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Towson burned by the 3-point shot

15 February 2012 By Sam Smith, Associate Sports Editor No Comments
Northeastern knocks down nine triples en route to 19-point win in Boston

Senior forward Rob Nwankwo is having a stellar season. But that might get lost in translation this year, as the Tigers have won one game in 28 contests.

However, Nwankwo recorded his 12th double-double of the season Tuesday night in Towson’s 70-51 loss at the hands of the Northeastern Huskies (8-8, 12-14 Colonial Athletic Association).

Coming into Tuesday night’s game, the former walk-on was ranked fourth in CAA in rebounds with 9.3 per game, third in the league in blocked shots with 2.6 rejections a contest, and an average of 11.8 points a game. Against the Huskies,

Nwankwo picked up 19 points on 7-11 shooting from the floor, grabbed 13 boards and recorded another block.

In the eyes of Head Coach Pat Skerry, the probability of Nwankwo continuing his playing career after college is high.

“We wish we had him longer, he’s really just scratching the surface. We’ve been talking to him about finishing up his degree, which he has the chance to do, and having a chance to play after his playing days at Towson,” Skerry said. “I wish he played with better ball handlers and passers.  In my opinion, he is an all-league player whose best days are ahead of him.”

Outside of Nwankwo and an occasional hot stretch from sophomore forward Marcus Damas, offensive production has been hard to come by for the rest of the Towson (1-27, 1-15 CAA) squad.

Damas and Nwankwo were the only two players to reach the double-digits in scoring against Northeastern. Damas tallied 15 points on 4-11 shooting.

Meanwhile, the Huskies had four different scorers reach double figures, including a game-high 20 points from junior guard Joel Smith, who buried five of the Huskies nine 3-pointers in the contest.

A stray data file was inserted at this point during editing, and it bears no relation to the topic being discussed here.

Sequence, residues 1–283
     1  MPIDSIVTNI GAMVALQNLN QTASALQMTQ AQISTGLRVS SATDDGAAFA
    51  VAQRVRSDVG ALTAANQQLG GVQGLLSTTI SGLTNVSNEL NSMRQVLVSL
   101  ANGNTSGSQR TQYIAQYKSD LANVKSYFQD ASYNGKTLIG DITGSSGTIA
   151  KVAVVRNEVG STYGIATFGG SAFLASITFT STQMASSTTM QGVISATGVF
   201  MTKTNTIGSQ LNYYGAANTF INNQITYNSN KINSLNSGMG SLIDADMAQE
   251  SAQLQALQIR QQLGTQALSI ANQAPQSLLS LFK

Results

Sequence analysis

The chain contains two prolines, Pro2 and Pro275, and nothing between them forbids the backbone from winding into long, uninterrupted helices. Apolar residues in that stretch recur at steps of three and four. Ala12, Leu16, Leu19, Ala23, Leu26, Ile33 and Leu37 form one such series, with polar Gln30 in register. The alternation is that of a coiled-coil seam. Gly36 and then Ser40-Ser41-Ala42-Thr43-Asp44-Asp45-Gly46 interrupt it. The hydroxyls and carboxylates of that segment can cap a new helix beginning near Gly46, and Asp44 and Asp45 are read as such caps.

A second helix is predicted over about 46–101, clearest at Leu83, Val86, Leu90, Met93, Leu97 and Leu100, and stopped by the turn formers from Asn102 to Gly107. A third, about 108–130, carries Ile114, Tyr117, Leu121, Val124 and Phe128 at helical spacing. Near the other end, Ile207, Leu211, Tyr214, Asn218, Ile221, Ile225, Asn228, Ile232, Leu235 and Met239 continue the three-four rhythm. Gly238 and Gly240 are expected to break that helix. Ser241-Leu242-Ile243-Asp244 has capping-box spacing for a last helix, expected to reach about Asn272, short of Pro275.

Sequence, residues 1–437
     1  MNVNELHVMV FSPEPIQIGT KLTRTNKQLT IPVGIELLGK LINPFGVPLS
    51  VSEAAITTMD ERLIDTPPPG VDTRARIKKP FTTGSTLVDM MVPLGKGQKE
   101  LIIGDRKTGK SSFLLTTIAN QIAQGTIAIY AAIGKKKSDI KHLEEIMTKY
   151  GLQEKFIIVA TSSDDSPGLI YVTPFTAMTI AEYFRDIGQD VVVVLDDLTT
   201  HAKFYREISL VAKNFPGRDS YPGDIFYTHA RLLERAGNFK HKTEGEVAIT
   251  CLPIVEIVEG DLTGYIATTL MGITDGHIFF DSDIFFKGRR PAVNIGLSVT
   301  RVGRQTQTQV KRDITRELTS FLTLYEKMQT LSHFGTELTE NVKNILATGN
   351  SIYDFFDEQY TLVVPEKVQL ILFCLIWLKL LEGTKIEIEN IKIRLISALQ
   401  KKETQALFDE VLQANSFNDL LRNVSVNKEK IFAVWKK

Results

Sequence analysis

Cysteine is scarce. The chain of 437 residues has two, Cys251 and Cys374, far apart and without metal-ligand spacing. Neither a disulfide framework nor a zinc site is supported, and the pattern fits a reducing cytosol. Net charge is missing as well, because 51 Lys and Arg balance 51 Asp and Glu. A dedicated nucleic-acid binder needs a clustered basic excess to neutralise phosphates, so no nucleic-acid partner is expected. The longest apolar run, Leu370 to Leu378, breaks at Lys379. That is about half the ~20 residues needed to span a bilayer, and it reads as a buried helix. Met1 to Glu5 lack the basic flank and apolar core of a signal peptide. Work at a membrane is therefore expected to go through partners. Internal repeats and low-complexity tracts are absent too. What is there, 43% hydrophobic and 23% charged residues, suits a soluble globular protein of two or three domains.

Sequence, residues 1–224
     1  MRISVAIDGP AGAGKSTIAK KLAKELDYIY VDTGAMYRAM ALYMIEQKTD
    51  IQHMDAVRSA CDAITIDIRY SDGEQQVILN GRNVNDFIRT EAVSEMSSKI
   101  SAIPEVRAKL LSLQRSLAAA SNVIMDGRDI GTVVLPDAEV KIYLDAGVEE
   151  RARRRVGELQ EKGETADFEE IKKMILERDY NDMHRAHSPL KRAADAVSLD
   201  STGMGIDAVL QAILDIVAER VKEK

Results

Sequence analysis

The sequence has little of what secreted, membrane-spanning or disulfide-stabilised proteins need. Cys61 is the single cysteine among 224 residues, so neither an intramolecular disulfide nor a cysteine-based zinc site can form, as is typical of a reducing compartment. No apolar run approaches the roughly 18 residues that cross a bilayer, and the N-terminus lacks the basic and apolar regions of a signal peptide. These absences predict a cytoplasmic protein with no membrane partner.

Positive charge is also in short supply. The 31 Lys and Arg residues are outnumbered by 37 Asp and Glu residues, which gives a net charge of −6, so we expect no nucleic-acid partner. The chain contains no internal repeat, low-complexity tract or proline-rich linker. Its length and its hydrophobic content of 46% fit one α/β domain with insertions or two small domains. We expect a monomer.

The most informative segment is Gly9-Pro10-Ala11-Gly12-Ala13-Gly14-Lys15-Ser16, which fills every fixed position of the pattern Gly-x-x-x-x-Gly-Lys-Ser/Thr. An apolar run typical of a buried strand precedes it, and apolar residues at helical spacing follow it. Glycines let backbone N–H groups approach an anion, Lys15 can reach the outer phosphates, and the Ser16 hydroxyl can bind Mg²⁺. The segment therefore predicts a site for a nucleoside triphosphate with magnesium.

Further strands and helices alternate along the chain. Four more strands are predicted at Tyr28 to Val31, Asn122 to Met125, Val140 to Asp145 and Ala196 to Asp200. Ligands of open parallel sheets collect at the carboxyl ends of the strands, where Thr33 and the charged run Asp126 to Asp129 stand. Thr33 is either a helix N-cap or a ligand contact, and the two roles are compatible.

The Tigers have struggled to guard against the 3-point shot over the last few games, which Skerry said is upsetting to see.

“We hammered that home the last few days and we showed our record is what it is, mostly because of our inability to sustain concepts and understand personnel,” Skerry said. “I’m very, very disappointed in our perimeter defense the last couple of games. We’ve got to be more alert and we’ve got to be more aware of who the shooters are. We can’t give up threes because we can’t make up that extra point.”

Shooting just 49.8 percent from the floor, the worst percentage in the CAA, the Tigers’ inability to hit jump shots has plagued them. Their poor shooting has increased the importance of getting to the foul line, but Towson only received 15 shots from the line against the Huskies.

“We need to take more free throws than our opponent and that didn’t happen tonight,” Skerry said. “I think tonight was just a prime example of they were a lot more ready to play than we were.  They absolutely out-toughed us mentally and physically.”

Towson’s biggest strength this season has been their tenacity on boards. After out-rebounding James Madison by 30 on Saturday, the Tigers were neutralized on the rebounding end. They only mustered one more rebound than the Huskies.

Towson continues its road trip Saturday when they play at New Hampshire in a BracketBuster game.


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